Letters from Steve: iOS Subscription Rules Created for Publishers

An e-mail reportedly from Apple CEO Steve Jobs may be offering some clarity on Apple’s iOS subscription policy — an iOS developer wrote Mr. Jobs expressing concern over whether Apple would be applying those new rules to software-as-a-service (SaaS) apps, and the reply he said he got back from Mr. Jobs said in no uncertain terms that they were intended for the publishing industry.

There has been much ado made over iOS subscriptions in the two weeks since Apple introduced its plan earlier in February. Publishers aren’t happy because Apple won’t give them customer data, and music and book services, as well as SaaS app developers (Box.net, Dropbox, Readability, and others) were concerned that their business model couldn’t accommodate a 30% cut going to Apple.

In a piece examining the story, MacRumors published an e-mail exchange between an unnamed iOS developer and Apple CEO Steve Jobs. The developer wrote Mr. Jobs asking for clarity on the situation, saying:

Hello Steve,

As a full time iOS developer, I am concerned (and confused) withe the new App Store guideline regarding “Apps offering subscriptions” (section 11.12).

Most of the iOS apps I have developed, as a contractor for other businesses, have been free apps that had login screens to allow the user access to some amount of private data. and/or service. These businesses have all been well established companies that sell some kind of service to their customers (Software As a Service companies) and the iOS app was merely another “portal” for their users to access their data/services (in many times, in a limited i.e. “mobile” fashion)…. for example; SalesForce. I am concerned that most of these businesses will choose to not develop an iOS app for their customers if the IAP & subscription policy was in place.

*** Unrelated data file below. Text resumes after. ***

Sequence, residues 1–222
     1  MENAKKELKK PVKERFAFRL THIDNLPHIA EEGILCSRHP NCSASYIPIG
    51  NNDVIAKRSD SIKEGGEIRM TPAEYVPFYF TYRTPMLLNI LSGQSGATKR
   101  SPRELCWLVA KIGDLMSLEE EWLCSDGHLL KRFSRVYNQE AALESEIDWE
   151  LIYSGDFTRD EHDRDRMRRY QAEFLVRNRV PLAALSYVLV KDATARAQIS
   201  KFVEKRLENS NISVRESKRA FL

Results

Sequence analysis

Would these type’s of free apps be still be allowed in the App Store or will they now be expected to use IAP?

Mr. Jobs has often responded to letters from fans, critics, developers, and reporters, and many (if not most) of those responses have quickly made it to the Internet. Such was the case this time, according to the unnamed developer, who received this reply from Mr. Jobs:

We created subscriptions for publishing apps, not SaaS apps.

Sent from my iPhone

One would think that Apple will make some sort of official clarification of this policy at some point, but if this letter is from Steve Jobs, it would seem that Dropbox and even the larger enterprise services like SalesForce are not part of Apple’s plans to bring in subscription revenue.

As for Readability, if the company’s app was rejected for violating the subscription policy, it would seem that Apple considers the app a publishing app, and not an SaaS app, so long live the opportunity for debate between pro and anti-Apple partisans.